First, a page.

A week ago, Joseph Epstein wrote the following in The Wall Street Journal:
Epstein does not argue that bloggers should not exist. He is avoiding them simply because of the "information overload" problem; his brain is unable to process, let alone digest, so much information. He then goes on to give us his daily "intellectual hygiene" routine:
All success to the best of the bloggers. But, as the Jews of Russia used to say about the czar, so I now find myself saying about them: May they live and be well, but not too close to me.
As for my intellectual hygiene, it begins with writing in my own, private, written-in-longhand journal, which I have been keeping for some 30-odd years and which no one else has ever seen. It continues with a brisk reading of the New York Times, beginning always with its obituaries (the only news that, as Ezra Pound said about literature, stays news). The Wall Street Journal is next. After checking my e-mails, with its many fine offers of cheap Viagra and chances to meet cheating housewives, I click over to ArtsandLettersDaily.com, which reprints a good selection of recent articles on culture and intellectual life in the Anglophone world.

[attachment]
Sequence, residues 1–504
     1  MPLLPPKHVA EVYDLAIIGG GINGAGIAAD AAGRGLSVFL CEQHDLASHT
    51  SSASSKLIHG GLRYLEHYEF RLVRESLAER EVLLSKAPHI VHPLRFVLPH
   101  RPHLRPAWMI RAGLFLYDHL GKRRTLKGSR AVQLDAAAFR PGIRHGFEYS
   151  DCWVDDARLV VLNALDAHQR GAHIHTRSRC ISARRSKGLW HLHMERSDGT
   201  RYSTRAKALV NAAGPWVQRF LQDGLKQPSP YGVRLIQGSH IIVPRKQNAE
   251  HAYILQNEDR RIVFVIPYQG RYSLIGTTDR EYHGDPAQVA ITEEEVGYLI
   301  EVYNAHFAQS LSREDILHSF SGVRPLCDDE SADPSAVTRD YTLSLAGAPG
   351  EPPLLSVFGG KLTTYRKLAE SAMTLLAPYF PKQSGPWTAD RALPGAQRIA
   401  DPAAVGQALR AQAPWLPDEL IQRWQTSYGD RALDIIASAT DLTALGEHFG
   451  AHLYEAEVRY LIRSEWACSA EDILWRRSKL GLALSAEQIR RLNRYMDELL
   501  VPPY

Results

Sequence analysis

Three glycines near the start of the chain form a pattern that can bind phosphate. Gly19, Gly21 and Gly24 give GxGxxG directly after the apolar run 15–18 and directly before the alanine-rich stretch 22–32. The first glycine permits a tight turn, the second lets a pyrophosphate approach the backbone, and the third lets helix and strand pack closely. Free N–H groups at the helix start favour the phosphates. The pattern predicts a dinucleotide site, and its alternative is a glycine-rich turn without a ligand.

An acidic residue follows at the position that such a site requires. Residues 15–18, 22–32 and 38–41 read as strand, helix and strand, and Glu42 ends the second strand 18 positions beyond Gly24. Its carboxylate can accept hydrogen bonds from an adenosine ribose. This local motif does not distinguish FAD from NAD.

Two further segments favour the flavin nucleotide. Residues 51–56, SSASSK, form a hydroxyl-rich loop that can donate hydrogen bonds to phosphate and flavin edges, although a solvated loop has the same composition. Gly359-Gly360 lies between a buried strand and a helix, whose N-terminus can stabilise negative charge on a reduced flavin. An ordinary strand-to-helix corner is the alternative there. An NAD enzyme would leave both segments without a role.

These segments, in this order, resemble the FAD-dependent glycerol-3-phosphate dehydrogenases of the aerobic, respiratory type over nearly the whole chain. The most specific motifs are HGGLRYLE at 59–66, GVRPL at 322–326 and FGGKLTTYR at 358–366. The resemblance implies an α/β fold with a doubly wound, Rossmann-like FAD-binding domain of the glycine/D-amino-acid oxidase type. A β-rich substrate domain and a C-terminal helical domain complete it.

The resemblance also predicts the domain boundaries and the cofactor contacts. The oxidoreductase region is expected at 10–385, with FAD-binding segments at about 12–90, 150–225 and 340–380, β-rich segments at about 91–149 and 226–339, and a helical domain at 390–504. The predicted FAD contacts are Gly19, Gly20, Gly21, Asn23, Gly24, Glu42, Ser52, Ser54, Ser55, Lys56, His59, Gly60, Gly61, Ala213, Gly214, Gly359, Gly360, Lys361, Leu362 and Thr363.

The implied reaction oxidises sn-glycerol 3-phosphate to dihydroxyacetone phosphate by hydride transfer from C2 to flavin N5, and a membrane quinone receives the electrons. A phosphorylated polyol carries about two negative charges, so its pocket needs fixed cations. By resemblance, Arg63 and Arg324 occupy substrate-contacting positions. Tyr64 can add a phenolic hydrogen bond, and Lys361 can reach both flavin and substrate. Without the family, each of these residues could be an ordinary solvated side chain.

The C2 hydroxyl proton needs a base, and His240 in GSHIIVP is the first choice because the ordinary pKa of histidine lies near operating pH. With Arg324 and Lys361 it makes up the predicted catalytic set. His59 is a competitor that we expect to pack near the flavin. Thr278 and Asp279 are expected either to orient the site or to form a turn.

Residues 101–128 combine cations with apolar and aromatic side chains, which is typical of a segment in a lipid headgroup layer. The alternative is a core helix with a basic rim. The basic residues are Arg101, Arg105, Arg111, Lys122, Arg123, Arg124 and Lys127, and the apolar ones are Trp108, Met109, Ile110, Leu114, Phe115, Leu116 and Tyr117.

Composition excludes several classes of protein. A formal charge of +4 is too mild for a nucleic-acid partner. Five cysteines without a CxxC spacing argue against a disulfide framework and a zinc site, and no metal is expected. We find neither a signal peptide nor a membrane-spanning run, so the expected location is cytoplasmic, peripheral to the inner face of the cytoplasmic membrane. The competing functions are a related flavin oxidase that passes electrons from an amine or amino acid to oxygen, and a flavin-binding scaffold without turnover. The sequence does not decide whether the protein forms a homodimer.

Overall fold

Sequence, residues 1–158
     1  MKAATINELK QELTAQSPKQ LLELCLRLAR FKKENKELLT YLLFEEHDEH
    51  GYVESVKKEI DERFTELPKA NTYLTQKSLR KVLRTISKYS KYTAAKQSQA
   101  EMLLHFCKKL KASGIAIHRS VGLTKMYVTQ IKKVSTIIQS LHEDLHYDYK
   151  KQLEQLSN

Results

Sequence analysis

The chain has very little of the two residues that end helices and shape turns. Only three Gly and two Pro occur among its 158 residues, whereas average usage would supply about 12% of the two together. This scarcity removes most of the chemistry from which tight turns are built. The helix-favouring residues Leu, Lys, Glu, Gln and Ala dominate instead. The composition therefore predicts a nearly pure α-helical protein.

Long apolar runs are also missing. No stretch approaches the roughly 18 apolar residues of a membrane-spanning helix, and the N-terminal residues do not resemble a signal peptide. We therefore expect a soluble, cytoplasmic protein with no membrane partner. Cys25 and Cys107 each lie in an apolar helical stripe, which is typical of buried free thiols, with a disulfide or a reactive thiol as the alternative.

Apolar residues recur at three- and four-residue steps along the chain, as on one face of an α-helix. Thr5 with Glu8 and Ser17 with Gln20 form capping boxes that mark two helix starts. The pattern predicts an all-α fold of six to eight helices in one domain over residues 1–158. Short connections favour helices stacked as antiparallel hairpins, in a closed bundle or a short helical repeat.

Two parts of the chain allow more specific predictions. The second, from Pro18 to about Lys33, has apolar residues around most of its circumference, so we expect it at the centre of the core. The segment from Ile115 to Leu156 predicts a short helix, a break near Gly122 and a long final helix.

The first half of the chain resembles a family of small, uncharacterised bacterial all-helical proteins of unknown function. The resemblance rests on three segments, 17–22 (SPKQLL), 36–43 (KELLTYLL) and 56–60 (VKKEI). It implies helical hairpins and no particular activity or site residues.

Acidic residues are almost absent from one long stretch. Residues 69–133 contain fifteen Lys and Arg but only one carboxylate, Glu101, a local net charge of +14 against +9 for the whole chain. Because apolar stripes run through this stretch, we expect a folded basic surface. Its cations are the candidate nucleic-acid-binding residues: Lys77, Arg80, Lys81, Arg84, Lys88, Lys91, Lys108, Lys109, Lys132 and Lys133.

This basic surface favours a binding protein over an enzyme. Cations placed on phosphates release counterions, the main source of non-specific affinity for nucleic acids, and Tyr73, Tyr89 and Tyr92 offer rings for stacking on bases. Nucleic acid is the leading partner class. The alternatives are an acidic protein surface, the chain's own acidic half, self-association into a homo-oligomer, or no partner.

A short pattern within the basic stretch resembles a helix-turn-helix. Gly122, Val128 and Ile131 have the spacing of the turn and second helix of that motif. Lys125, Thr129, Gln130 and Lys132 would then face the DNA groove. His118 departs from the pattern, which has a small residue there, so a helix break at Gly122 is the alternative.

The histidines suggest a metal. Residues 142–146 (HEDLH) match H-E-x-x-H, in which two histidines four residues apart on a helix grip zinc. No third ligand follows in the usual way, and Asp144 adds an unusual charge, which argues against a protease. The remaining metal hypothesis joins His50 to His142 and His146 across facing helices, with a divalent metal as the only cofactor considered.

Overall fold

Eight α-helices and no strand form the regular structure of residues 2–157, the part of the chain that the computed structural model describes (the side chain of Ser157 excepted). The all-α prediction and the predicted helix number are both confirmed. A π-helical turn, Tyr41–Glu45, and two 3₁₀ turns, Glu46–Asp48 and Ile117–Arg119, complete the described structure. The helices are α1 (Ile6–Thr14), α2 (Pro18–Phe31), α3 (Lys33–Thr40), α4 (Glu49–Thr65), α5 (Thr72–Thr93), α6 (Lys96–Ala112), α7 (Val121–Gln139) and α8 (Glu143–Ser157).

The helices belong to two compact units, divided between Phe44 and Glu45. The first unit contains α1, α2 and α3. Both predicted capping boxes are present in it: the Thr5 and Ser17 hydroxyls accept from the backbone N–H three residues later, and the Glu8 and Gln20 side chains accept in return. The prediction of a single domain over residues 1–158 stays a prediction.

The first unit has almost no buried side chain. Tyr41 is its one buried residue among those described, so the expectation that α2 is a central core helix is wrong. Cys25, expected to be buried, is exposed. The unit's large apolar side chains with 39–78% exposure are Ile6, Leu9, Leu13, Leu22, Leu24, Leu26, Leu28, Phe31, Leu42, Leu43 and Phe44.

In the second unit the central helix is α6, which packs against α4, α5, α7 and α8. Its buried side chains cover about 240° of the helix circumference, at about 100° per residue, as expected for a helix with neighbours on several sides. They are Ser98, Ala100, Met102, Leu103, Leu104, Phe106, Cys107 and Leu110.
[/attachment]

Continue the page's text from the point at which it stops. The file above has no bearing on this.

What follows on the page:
As a new blogger I cannot agree, for obvious reasons, with Epstein's advice to stay away from blogs. But I do concur that Arts & Letters Daily is a superb source of readings from the Web. In fact, a recommendation about this website was my very first post .